As I drove home I started concocting a plan … steeped in the intoxicating memory of the Mory … I could trade in ALL OF MY ACCORDIONS for that one. I could be happy! I could make this work! It’s a crazy old world, but sometimes, things work out! Right?
My daughter, Emma, stopped me. “You can’t do that, Dad. The band. Your band. You love your band. You need all those accordions for the band.”
Yes. Yes. I love my band. Le Bon Truc. The good stuff.
Doug and the Mory*
Sure. He looks unassuming. Mostly harmless.
The fevre dream did not abate, however. And perhaps Doug knew that.
Sure, he looks nice. Innocent. Maybe even charming. But that was some seriously, sinister salesmanship. “Here,” he said, “Could you try this out for me?” As if to say, “I don’t want to be an imposition.” Or, “You’d sure be doing me a favor.” Or, “I know this is a burden for you …” but could you play this unbelievably wonderful accordion and let me know how it feels?
Yeah. Yeah, Doug. I can do that.
The Castagnari Mory has held a totemic power over me for over twenty years. The first tradFrench music I heard was from Ad Vielle Que Pourra, led accordionist/hurdy gurdy-ist Daniel Thonon. Daniel played a Mory and I was completely ensorceled by that sound. And I get it! I swear to God, I get it! The instrument does not make the player. I wasn’t listening to a Mory, I was listening to Daniel Thonon playing a Mory. Later, I would hear other players playing wonderfully on other boxes. But that Mory stuck with me. Then, I found out that Andy Cutting also plays a Mory (he owned three when I asked him) … I’m pretty sure I don’t have to justify the desire for an accordion to you, fair reader. All I’m saying is that the Mory has been a grail-shaped-beacon for me for many years.
Disaster Embraced, Quality of Life Improved
 
Skip to the end, the Castagnari Mory is winging its way to my house, even as I type. How did I get to this state?
Le Bon Truc. We love each other.
Well, it wasn’t that I had to break down and succumb to temptation, so much as getting a clue as to what my priorities ought to be. My friends brought me around. First, my band mates — Le Bon Truc — each said something along the lines of, “Hey, if you wanna do this we will support you!” and “Follow your bliss!” Then I did the math and realized that I wouldn’t really have to trade ALL of my accordions, just two of them. Then, through karma and generosity, that number was reduced to one.
Not only was this possible. It was reasonable. My heart fluttered a bit.
Every accordionist is chasing after THE LAST ACCORDION THEY WILL EVER HAVE TO BUY. It is a mythical creature, and we all recognize that. But this mythical creature haunts us. The Mory had been that creature for me for twenty years — think of that! where were you twenty years ago?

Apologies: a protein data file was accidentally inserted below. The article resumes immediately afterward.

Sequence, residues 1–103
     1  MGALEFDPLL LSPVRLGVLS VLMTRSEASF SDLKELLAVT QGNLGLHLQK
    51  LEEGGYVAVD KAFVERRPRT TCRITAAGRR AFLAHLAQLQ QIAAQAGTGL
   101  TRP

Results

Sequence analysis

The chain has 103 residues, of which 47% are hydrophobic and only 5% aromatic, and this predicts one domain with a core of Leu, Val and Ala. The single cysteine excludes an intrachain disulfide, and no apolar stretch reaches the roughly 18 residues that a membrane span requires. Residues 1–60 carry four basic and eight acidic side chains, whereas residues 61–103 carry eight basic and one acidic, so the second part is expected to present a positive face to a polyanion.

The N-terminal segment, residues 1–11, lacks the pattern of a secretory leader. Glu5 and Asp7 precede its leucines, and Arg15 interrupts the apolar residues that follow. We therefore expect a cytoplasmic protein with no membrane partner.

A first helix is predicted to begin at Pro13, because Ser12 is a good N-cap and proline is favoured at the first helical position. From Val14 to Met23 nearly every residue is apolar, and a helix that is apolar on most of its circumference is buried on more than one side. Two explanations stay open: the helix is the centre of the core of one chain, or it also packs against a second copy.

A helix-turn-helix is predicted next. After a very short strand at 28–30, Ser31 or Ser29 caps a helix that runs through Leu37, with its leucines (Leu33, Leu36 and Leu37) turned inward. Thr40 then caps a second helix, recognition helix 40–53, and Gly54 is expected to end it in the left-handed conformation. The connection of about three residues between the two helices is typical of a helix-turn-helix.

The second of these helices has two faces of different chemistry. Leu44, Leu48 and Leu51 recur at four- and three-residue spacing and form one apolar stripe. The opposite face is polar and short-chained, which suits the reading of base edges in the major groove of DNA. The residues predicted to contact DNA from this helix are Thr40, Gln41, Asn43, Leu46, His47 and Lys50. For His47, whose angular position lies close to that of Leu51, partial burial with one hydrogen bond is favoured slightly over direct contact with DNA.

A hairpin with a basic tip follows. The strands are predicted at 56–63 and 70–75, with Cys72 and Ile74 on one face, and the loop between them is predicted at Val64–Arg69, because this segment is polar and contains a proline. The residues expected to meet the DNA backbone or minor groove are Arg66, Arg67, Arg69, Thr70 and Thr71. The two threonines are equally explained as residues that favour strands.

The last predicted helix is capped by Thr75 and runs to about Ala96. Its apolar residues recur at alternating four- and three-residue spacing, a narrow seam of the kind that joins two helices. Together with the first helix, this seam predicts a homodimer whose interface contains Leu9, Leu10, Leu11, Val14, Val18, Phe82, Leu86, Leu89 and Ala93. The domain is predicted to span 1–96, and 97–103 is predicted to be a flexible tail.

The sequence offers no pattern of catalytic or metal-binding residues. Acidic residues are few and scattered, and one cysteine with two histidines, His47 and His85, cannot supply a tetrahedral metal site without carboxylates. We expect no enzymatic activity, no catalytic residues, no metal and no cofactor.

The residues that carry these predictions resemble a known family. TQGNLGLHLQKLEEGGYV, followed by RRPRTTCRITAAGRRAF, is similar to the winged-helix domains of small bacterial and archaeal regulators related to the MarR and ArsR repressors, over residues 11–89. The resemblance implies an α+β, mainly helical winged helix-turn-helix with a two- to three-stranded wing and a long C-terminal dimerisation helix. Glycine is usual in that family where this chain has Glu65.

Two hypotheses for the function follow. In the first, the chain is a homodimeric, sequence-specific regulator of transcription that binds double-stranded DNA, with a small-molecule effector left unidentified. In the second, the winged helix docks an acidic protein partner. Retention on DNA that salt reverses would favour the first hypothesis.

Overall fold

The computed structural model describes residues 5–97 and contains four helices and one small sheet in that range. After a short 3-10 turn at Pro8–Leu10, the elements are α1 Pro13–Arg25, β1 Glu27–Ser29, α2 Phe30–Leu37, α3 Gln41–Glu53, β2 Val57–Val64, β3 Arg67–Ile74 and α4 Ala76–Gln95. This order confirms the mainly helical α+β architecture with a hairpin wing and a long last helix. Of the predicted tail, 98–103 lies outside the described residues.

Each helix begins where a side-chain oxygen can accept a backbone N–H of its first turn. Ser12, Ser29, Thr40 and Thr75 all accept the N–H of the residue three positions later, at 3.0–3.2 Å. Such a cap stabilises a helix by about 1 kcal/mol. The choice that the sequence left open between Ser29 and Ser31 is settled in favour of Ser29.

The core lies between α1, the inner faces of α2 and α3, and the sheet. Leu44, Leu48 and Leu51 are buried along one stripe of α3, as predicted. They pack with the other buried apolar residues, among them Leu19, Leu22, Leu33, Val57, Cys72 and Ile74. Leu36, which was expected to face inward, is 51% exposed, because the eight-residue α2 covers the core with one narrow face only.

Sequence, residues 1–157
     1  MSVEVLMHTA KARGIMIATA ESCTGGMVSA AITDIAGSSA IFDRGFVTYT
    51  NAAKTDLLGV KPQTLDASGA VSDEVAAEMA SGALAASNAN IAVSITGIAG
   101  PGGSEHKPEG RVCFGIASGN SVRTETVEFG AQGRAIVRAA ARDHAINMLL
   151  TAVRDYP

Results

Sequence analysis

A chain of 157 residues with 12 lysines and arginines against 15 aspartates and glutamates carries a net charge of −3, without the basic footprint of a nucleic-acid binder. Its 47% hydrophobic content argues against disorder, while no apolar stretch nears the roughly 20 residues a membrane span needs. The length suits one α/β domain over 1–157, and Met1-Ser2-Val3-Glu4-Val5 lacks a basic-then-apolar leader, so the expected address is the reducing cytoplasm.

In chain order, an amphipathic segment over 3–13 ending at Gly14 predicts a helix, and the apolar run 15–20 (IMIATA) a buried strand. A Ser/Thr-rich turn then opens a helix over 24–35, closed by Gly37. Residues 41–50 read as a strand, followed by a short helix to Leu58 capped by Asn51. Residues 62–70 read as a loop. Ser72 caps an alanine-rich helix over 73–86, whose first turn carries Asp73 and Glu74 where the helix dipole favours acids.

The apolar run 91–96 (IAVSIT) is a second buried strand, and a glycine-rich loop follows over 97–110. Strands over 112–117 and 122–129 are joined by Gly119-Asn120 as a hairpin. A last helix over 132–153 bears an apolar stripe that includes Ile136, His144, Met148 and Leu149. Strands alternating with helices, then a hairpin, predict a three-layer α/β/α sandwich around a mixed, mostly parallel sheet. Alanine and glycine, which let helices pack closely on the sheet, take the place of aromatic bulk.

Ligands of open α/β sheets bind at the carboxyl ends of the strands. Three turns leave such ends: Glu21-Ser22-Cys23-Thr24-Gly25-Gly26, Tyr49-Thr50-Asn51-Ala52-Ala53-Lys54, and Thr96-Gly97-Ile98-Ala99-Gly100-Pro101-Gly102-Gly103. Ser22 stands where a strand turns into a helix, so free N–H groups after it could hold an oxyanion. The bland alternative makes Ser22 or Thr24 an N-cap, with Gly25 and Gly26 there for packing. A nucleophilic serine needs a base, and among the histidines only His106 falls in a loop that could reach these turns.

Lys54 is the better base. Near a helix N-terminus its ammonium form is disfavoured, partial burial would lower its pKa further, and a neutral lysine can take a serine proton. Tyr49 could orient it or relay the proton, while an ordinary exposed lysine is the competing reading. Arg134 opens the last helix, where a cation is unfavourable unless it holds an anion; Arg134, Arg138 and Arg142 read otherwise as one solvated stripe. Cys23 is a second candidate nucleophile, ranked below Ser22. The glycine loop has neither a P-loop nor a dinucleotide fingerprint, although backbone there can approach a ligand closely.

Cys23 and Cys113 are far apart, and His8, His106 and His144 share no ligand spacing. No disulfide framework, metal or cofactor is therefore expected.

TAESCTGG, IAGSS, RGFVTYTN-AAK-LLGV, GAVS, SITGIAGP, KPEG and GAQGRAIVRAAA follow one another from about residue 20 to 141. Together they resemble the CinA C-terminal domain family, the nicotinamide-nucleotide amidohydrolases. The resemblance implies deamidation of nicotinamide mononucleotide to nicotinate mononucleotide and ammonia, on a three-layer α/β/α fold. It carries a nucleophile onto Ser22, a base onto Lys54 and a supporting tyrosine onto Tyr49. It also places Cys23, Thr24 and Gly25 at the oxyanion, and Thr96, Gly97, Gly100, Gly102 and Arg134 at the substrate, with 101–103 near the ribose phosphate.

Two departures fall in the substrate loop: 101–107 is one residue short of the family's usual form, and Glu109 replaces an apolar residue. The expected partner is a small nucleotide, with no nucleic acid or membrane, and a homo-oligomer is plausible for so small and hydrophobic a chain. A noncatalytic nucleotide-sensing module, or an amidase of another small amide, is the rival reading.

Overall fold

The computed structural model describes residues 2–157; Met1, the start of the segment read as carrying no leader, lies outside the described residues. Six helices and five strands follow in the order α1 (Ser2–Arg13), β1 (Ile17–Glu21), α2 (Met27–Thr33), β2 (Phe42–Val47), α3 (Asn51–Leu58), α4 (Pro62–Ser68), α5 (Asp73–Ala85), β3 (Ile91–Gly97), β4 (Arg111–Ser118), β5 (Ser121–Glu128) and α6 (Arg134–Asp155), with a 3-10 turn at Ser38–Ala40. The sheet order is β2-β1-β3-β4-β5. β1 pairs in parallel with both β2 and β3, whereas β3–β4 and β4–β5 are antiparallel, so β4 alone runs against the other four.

I will report more when it arrives. Thanks, all.
*Disclaimer: I am only joking! I have known Doug for twenty years, now, and he has never been anything other than a great guy, reasonable and kind. A good friend. Still, he knew exactly what he was doing when he brought that box out.

 

Le Bon Truc Rehearsal Recordings!

Look! We smile! We’re happy!

Trio Le Bon Truc has been have a very good year, I have to say. Well … I don’t have to, I want to! There’s been this sense among us three that our four year communion continues to deepen and satisfy. In preparation for a gig in Portland, ME at The Last Church on the Left, we’ve been putting some thought into the “next stage” of our repertoire. We know a lot of tunes, holy cow! Meanwhile, I got the Ab Tiny Box, and that’s been fun for us.

Bourrées Tricotada, Va-ten Va-ten, Grandes Poteries

As I have said in the past, I do take a phenomenological approach to music and think we all should. To that end, I am posting three of our rehearsal recordings. They are NOT polished performances, and, in fact, the Bourrées and Polkas may have been our first time playing those sets ever. In all cases, they start out rougher than they end, but they end in some very sweet spots. They interesting as “rehearsal artifacts,” but they are also … sweet. This is probably not all that swift as marketing, but … if nothing else, you can hear the good time we are having.

Polkas Quartier and de Baugy

Charlie/La Sansonette (Scottishes)

Last Night’s Gig! (Video)

Yesterday, Le Bon Truc played at the Cafe at the Armory in Somerville, MA. It’s a great space and it was a great short set. We shared the evening with a fantastic Afro-Cuban-Brazilian drum and voice ensemble. They were mesmerizing. A friend in the audience shot some video on her phone and it came out damn good! She posted them on Facebook, so I can’t embed. Here are some links:

Enjoy!